And yes, it would have been much easier to just give a list of the publishers who will blow you off. Burning bridges doesn’t get you anywhere, though. From what I’ve read, some of these editors magically love your previously rejected work once you’re established.

      I’ve also read that Ray Bradbury, up until a few years before his death, still received rejection slips. -.-


      • TAE

        I have to admit that I had never heard that name before…
        When I was a teenager I devoured fantasy and science fiction, but nowadays I can hardly read any of it, or I have a really hard time finding a book that I find genuinely pleasing (from beginning to end).


      • Bradbury wrote Fahrenheit 451, which given your sensibilities and politics, you would probably love. It’s all about censorship and the repression of art in a dystopian future.


      • TAE

        I’ve heard about that book before (I have to admit I’m really bad with names, too).
        Maybe I’ll give it a shot some time. I tried Brave New World a while ago, but I failed – the language was my problem here. It’s not that I have an issue understanding (being a non-native), it’s a focus issue. Some writers have a way that makes it really hard for me to stay engaged, or to even be sucked in.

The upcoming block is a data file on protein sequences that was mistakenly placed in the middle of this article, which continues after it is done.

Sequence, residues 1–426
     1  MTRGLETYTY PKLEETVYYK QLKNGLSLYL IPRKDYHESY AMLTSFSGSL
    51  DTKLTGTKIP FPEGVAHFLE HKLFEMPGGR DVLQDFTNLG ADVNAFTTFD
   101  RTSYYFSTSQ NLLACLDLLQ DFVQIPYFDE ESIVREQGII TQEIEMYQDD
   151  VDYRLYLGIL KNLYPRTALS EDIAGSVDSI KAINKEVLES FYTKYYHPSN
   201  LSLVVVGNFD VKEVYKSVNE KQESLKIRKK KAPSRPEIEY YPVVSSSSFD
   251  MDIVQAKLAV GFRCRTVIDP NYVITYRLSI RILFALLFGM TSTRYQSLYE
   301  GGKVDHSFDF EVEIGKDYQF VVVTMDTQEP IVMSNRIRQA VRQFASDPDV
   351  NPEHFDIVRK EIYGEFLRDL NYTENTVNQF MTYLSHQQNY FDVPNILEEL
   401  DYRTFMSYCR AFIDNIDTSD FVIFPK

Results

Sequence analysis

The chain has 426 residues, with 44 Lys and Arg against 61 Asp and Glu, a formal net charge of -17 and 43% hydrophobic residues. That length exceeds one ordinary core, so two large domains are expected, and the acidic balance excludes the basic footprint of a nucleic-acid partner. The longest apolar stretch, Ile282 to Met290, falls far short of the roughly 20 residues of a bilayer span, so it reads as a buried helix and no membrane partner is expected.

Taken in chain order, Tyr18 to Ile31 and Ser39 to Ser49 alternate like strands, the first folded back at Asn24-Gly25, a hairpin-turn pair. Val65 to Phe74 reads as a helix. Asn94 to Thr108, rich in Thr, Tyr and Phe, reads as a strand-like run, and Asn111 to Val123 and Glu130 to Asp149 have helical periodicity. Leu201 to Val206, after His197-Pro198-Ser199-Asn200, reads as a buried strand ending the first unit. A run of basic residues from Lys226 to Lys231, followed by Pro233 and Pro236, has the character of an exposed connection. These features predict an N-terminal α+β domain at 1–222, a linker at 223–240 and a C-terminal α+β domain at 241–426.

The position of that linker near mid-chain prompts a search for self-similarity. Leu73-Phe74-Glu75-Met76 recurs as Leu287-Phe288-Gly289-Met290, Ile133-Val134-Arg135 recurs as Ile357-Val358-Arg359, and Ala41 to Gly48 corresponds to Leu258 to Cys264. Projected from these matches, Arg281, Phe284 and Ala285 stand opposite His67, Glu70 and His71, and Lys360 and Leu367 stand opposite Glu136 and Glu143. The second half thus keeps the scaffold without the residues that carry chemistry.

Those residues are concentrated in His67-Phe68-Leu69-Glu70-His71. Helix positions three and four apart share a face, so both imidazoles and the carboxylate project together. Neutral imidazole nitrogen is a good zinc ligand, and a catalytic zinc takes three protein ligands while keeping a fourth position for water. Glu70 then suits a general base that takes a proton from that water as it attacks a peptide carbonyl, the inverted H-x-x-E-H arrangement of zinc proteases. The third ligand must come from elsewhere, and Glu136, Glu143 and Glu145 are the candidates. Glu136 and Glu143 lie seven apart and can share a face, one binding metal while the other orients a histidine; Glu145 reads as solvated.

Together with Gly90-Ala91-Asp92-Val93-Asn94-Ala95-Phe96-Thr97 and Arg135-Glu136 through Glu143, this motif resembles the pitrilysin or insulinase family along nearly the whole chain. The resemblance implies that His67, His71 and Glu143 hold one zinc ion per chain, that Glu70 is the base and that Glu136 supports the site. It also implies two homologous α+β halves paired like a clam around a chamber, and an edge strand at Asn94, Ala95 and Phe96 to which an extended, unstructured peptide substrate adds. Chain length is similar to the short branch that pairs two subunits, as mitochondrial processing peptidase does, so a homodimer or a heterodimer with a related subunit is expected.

• Huxley was a Brit, and stylistically, British writers can differ vastly from American writers (I prefer British writers, personally). Bradbury is a bit easier to follow, once you adjust to his love of adjectives and rhetoric.

        In any case, both of these guys are legends. Only an idiot of an editor would reject either of them.


      • TAE

        I dunno. Personally, I don’t have more patience for an author, whether he’s known/renowned, popular or not (*cough* Twilight *cough*), but as an editor/publisher you have to somehow detach yourself from your personal taste. Not sure I could do it.


      • TAE

        Speaking of which: have you thought about editing as a career? You seem to know your genre(s) well enough to read and judge even those stories that don’t suit your personal taste.


      • When I’m old and have no more ideas and little of my own to say anymore, I will definitely consider helping other writers by working as an editor.

        Right now, I’d like to avoid it because I have a great disdain (with few exceptions) for those who found presses as an underhanded way of publishing themselves. To be truthful, there are several publishers that didn’t make this list today because I see them as basically one person’s attempt to legitimize his/her own fiction by surrounding it with the works of others. These kinds of presses usually don’t last long.

        Then there are those editors like Slushmaster Weirdo from my previous post who can’t get their work published at their own major presses despite their years of service. I noticed that this guy in particular entered the Writers of the Future contest and also received an honorable mention–this tells me that despite working at mega press, he’s no better off than I am working in Podunk, AZ.


      • TAE

        “Podunk” made me lol…


  2. Nice list. Kudos for putting it up.

    And, yeah, do keep the Harper Voyager thing in the radar. I’d completely missed their update. (I’m also one of the 4,500.)


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  4. Reblogged this on Living in a Small World and commented:
    Extremely helpful article on Spec Fic publishers.